After ratifying the United Nations Convention Relating to the Status of Refugees and its Protocol in 1969 - Zambia did not ratify the Organization for African Unity (OAU) Refugee Convention until 1973 - the government addressed the refugee situation in the country by passing The Refugees (Control) Act. The legislation was primarily concerned with refugee obligations rather than rights. It imposed control over refugee registration, transit and settlement; deprived refugees from their property; approved the use of repatriation as form of punishment; denied refugees the right of assembly and association; and gave authorities in the camps impunity to compel any refugee to comply with any order or direction under the Act. Notwithstanding international refugee protection agreements' violations, the UNHCR maintained its contributions to settlement projects and education and health programmes. The approach was common in other refugee cases in the African continent due to state incapacity to respond efficiently to humanitarian emergencies and comply with international standards on the granting of refugee protection.

In March 1972, refugees at Maheba wrote directly to the UNHCR headquarters complaining of mistreatment in the camp. From 1969 onwards, rations had been cut and refugees were obliged to work to obtain resources - the elderly were mostly affected by these measures due to their inability to work; health rights were compromised by the refusal of camp authorities to transfer refugees to hospitals; and students were unable to pursue their education paths after finishing the elementary stage. Refugees also complained about the misconduct of officers who chained refugees to trees and used starvation and thirst as punishment. In their plight, these refugees protested that their rights were not being acknowledged: “In fact we are not regarded as human beings, because we ran away from our mother land, and we have nowhere to go, nowhere to complain, and it is only the United Nations which can treat us as people. […] As refugees we have to be treated as people now we have turned as victims of Zambia.” [Complaint] After meeting with camp authorities and the Zambian Christian Refugee Service - the Lutheran World Federation organization responsible for humanitarian work supervision in the camps -, the UNHCR representative in Lusaka informed headquarters that the ration and work problems were being dealt with; the provision of secondary education for refugees was subject to availability in regular schools, insufficient even for Zambian citizens; and that there was a problem of miscommunication between refugees and camp authorities due to the lack of elected refugee representatives. However, the mistreatment was dismissed, and the plight would not be answered due to the authorities’ fear that it could lead to unrest within camp facilities.

As this case demonstrates, refugees used human rights discourses and mechanisms to complain about situations of mistreatment and abuses in asylum countries. Similar forms of protest had been put forward by Angolan refugees in the Congo ten years before, attesting for the proliferation of human rights before the late 1970s. Nevertheless, international humanitarian policies in this period fell short in granting protection of basic rights. In trying to avoid disputes with Zambian authorities and keep the projects to facilitate refugee integration, the UNHCR was unable to ensure refugee protection. Protection and security proved to be in opposite ends in several African contexts, where a shift to development-related assistance ensuring both self-sufficiency and economic viability predominated over human rights compliance. While several authors emphasize the multiple ways in which the UNHCR expanded its scope of action during the 1960s and 1970s, a thorough analysis of the challenges faced by the agency during this period is essential for a better understanding of refugee assistance dynamics in the region, namely regarding state compliance with international instruments. Blavo has identified the problem of state-driven policies in Africa and their emphasis on administrative interests rather than refugee rights, namely in self-settlement areas. However, as this case demonstrates, ensuring refugee protection and avoiding violence-related policies was also problematic in camps under international supervision. This issue translates both the problem of the UNHCR limited capacity to enforce refugee protection policies and to respond to refugee’s agency in contexts marked by violence and politicization of refugee assistance dynamics during decolonization transitions in Africa.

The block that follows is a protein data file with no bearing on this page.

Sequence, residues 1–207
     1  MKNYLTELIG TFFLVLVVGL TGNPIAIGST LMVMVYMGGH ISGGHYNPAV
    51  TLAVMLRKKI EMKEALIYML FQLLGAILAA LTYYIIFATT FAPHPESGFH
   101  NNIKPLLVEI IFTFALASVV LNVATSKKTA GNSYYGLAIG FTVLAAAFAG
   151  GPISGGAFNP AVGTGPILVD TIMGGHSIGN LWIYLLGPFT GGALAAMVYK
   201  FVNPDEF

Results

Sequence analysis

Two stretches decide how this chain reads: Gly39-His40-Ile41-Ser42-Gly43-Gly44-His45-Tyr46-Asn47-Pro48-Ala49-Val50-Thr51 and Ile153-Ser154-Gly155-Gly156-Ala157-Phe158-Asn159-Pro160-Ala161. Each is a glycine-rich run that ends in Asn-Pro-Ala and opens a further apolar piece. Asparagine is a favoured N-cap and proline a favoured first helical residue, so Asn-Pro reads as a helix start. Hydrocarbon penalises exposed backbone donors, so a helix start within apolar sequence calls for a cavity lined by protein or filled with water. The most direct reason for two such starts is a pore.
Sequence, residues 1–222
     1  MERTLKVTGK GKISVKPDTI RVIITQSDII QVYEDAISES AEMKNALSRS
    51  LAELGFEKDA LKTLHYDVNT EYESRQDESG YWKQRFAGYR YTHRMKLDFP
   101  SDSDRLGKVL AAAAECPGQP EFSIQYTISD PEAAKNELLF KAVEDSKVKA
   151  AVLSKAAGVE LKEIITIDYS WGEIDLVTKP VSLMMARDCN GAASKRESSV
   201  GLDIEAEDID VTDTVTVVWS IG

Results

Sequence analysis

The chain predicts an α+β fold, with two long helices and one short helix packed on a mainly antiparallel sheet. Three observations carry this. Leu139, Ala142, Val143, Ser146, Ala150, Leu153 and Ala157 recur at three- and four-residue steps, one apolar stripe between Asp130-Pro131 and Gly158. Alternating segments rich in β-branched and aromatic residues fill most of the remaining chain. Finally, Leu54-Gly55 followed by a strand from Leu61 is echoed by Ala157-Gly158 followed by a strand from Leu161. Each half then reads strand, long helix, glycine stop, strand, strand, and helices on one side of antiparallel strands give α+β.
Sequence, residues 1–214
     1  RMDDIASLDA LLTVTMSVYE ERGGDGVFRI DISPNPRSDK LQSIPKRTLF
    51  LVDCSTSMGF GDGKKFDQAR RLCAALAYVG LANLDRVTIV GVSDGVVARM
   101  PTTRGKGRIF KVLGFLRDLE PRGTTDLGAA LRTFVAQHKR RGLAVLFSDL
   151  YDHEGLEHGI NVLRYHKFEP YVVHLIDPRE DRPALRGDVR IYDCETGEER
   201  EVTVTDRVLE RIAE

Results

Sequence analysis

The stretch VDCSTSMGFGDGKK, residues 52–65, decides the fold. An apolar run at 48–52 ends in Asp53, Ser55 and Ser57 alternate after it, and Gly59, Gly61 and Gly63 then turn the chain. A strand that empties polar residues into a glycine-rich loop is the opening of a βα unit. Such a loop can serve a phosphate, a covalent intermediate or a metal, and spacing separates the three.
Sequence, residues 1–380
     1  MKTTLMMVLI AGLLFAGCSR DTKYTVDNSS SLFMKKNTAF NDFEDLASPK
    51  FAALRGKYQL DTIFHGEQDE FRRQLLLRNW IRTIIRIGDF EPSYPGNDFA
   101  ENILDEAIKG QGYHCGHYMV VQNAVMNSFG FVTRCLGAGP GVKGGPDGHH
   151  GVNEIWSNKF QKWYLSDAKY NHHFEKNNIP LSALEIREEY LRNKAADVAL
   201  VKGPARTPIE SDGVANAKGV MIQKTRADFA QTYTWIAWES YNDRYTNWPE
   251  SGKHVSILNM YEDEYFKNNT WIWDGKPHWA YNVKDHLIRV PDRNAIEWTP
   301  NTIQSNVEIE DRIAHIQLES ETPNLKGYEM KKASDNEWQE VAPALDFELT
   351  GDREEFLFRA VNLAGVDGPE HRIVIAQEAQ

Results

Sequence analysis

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Short Biographical Note on Contributor

Ana Filipa Guardião has a PhD by the University of Lisbon on refugee movements from decolonization processes in Kenya, Algeria and Angola, focusing on the dynamics surrounding international humanitarian assistance provided to these groups. Her main interests include population displacement and refugee management, historical intersections between imperialism and internationalism with focus on the politics of difference, human rights and humanitarianism. She was a fellow of the Global Humanitarianism Research Academy 2019.